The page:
On Change

Newspapers: The connecting people business

By Norbert Specker/December 2003 - What business are you in?

Newpapers? Well, yes, I know, but what is the business? Stop a moment and explain it to a little child. What is your business? Are you selling the amount of time and the amount of people who look at a particular piece of paper? Or do you sell stories, and the more people who pay you for that story the better job you have done? Or do you sell pretty surprise packages? Maybe you sell the most useful collection of practical information people in your area can get?

You are in the business you think you are in. Perception is reality. Changing perception therefore changes reality. This is particularly interesting if the reality you look at right now is not bringing you any joy.

Professor Peter Kruse of the University of Bremen claims the economies of scale that for years dominated business strategies are challenged by economies of connectivity. Here is an example:

We all know that search ranking with Google is based strongly on connectivity: the more and the more important sites link to you, the higher up in the results you will appear. As the position on a search engine directly — and sometimes devastatingly so — determines business success on the web (there is no business beyond the first search screen), we know the importance of connectivity to be true in the realm of the Internet.

How about offline, though? In the “real world” as many still would label it? Of all the businesses in the analogue world, newspapers are the business that thrives on connectivity the most and the best. Newspapers are the best-connected businesses in any community. There is no business that connects so many people to each other. Nobody has probably ever researched this but let us look at the ways:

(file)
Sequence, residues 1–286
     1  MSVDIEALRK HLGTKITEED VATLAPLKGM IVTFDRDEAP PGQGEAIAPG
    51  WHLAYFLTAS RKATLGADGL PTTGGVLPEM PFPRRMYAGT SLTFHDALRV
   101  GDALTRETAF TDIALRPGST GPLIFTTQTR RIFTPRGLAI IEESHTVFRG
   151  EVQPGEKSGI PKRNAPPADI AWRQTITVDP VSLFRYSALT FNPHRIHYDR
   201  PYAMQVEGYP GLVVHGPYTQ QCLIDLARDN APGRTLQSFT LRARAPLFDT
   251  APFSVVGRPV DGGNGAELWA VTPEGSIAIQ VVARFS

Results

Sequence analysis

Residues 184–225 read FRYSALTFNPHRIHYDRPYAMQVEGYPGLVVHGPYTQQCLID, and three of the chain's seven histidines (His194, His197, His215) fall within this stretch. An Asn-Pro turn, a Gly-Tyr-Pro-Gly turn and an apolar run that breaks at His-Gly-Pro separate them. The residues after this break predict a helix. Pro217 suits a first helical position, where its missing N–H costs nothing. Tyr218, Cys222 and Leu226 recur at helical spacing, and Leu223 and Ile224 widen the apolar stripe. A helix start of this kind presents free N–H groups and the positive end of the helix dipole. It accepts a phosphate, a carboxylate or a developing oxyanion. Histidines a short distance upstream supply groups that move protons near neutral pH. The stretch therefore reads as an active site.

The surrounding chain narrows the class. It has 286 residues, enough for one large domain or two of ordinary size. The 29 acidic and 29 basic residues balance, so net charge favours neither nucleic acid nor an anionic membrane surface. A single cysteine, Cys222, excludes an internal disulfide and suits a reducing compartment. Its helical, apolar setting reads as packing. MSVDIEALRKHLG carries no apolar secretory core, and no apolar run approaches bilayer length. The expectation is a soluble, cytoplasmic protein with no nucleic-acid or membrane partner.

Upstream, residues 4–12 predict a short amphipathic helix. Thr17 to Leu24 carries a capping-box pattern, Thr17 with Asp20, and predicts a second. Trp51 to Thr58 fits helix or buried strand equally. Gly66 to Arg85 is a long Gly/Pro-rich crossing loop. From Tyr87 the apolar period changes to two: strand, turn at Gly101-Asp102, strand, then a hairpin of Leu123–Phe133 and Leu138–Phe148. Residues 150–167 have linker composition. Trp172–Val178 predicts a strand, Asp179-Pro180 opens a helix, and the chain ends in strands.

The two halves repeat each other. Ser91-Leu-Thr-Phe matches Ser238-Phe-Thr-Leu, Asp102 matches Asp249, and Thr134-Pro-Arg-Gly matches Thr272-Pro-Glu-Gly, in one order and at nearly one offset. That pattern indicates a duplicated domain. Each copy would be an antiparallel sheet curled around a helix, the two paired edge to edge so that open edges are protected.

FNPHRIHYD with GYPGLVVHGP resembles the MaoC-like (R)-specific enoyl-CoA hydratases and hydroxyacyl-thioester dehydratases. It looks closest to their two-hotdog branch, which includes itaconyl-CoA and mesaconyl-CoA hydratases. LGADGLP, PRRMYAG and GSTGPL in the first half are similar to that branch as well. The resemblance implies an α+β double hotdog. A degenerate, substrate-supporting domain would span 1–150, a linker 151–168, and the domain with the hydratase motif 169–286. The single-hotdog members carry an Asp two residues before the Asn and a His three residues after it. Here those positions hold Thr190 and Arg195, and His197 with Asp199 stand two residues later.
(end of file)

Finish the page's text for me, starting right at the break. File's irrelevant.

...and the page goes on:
1. It is the connection through things that two people read. Like with TV, it is less common that you can be sure the other person has seen or read the same thing you have. But if the person did, it is a very popular way to connect. How many people do you think talk with each other each day about something your newspaper wrote?

2. The advertisements. Advertisers put them into the newspaper because they hope to connect readers with their product. How many of your readers see an ad, then connect to the company and the people working in that shop or theatre?

3. The classifieds — jobs, cars, houses, dating, and the many other areas this section entails. How many people per ad on average connect to the person who put the ad in?

You probably do not know the numbers but might agree that the more connections between people a newspaper enables, the stronger its commercial base.

So, the business you are in is the “Connecting People Business.” Feel a change of reality already?

Could your newspaper be better at it? Much better? Is it happening enough that people talk about something your newspaper published? Do you help advertisers make sure people go and see them? And is it particularly easy for people to connect with classifieds and the people who put them in the newspaper?

As for the online part of the connecting people business, it is one of the great mysteries of the last 10 years that newspapers did not manage to transpose their outstanding basic networking competence in the offline world online — into an environment that has come to represent networks of any kind and offers every imaginable tool to optimise networking. A truly amazing failure.

However, it is not too late. Once your organisation perceives itself as being in the business of connecting people, the best Internet strategy will come naturally. The same connection-oriented perception is behind every great Internet company, from eBay to Google and Amazon.

The recent solid investment of US$6.3 million by Knight Ridder and The Washington Post in the social network site Tribe.com might give you additional food for thought as it points toward a perceived weakness by those newspapers that they deemed needs rectifying. I would hold they are not the only ones.

This article was referenced by the Hindustan Times on January 31, 2004, Rafat Ali's Paid Content, the Italian Fogli di Stile, the World Association of Newspapers (WAN) Editors' Blog

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Norbert Specker is the founder of Interactive Publishing GmbH, a service and intervention company dedicated to support the newspaper publishing industry.


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